When a mysterious contract for a stand-up gig at the School of Oriental and African Studies (SOAS) popped into my inbox on Sunday, I didn’t give it a second thought.
After all, I’ve been a stand-up comedian for three years now — I’m used to contracts — and the gig wasn’t until January. What possible surprises could there be?
As it turned out, its contents were as depressing as they were alarming.
Scrolling through the small print, I found something plucked out of George Orwell’s Nineteen Eighty-Four called a ‘behavioural agreement form’, which prescribed an endless list of themes I couldn’t make jokes about: ‘Racism, sexism, classism, ageism, ableism, homophobia, biphobia, transphobia, xenophobia, Islamophobia or anti-religion or anti-atheism.’ Phew!
Comedian Konstantin Kisin pulled out of a student charity event organised by Unicef On Campus society at the School of Oriental and African Studies (SOAS)
It also declared that all my material had to be ‘respectful and kind’.
Come on, I’m a comedian.
In normal life I think I am a ‘respectful and kind’ person — I certainly try to be. But up on stage at a comedy club, with an inebriated and feisty audience in front of me?
Take it from me, ‘respectful and kind’ just doesn’t cut it. There is a measure of cruelty at the heart of almost all comedy — even self-deprecating jokes have bite.
The irony was that I’d first been approached by a student who’d seen my normal set at Top Secret, one of London’s best comedy clubs, and clearly enjoyed it. Would I be prepared to do an unpaid gig to raise money for the school’s Unicef charity, he asked.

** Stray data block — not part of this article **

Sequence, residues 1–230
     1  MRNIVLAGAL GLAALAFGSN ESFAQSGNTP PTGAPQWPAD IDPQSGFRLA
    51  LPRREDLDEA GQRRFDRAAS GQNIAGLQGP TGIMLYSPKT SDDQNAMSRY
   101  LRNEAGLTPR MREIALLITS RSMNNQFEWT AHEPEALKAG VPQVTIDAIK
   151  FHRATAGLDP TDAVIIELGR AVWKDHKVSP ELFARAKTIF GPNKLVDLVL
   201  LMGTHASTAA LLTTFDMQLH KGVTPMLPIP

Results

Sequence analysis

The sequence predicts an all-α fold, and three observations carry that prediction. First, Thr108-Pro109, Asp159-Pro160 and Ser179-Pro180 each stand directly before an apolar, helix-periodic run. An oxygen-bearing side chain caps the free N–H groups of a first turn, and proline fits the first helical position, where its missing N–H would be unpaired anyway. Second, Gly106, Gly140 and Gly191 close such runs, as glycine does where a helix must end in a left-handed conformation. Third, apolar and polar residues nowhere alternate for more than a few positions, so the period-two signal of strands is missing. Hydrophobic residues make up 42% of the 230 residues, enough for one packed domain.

I was happy to help. And yet here, just a few weeks later, I was told what kind of jokes I was allowed to make.
Of course, the list itself is a laughable pastiche of today’s politically correct times. But it is also deeply concerning — especially for someone like me, who was born in the Soviet Union, the home of Stalinist purges, the KGB, gulag prison camps and just about the last place on Earth you would readily associate with freedom of speech.
And yet here I was in London, the capital of a country still seen as the birthplace of democracy and as a bastion of tolerance and free speech, being told what I could and couldn’t say at an event being hosted at a leading university. It’s extraordinary.
Mr Kisin was sent a ‘behavioural agreement form’ which stopped him telling jokes which were not ‘respectful and kind’
My family know all about political repression and the denial of free speech. I came to Britain to stay with my grandfather, who decades earlier had dared to speak out against the government.
Back then, saying ‘the wrong thing’ had serious repercussions. He was reported to the KGB and was forced into exile.
When he arrived in England, he was enthralled by the prospect of living in a land where citizens were free to speak their minds. It was the absence of ‘behavioural agreement forms’ that he celebrated.
Support for freedom of speech clearly runs in our family: my grandmother was born in a gulag prison camp, where her parents had been sent for — you guessed it — also saying ‘the wrong thing’.
Decades later, with the Russian Federation now in place of the Soviet Union, the country is still a tough place for jokes.
Just this year, Armando Iannucci’s brilliant political satire, The Death Of Stalin, was banned for being ‘insulting’ and containing aspects of ‘ideological warfare’. Presumably, if it had been ‘respectful and kind’ about a despot responsible for possibly 20 million deaths, it would have been packing out Russian cinemas.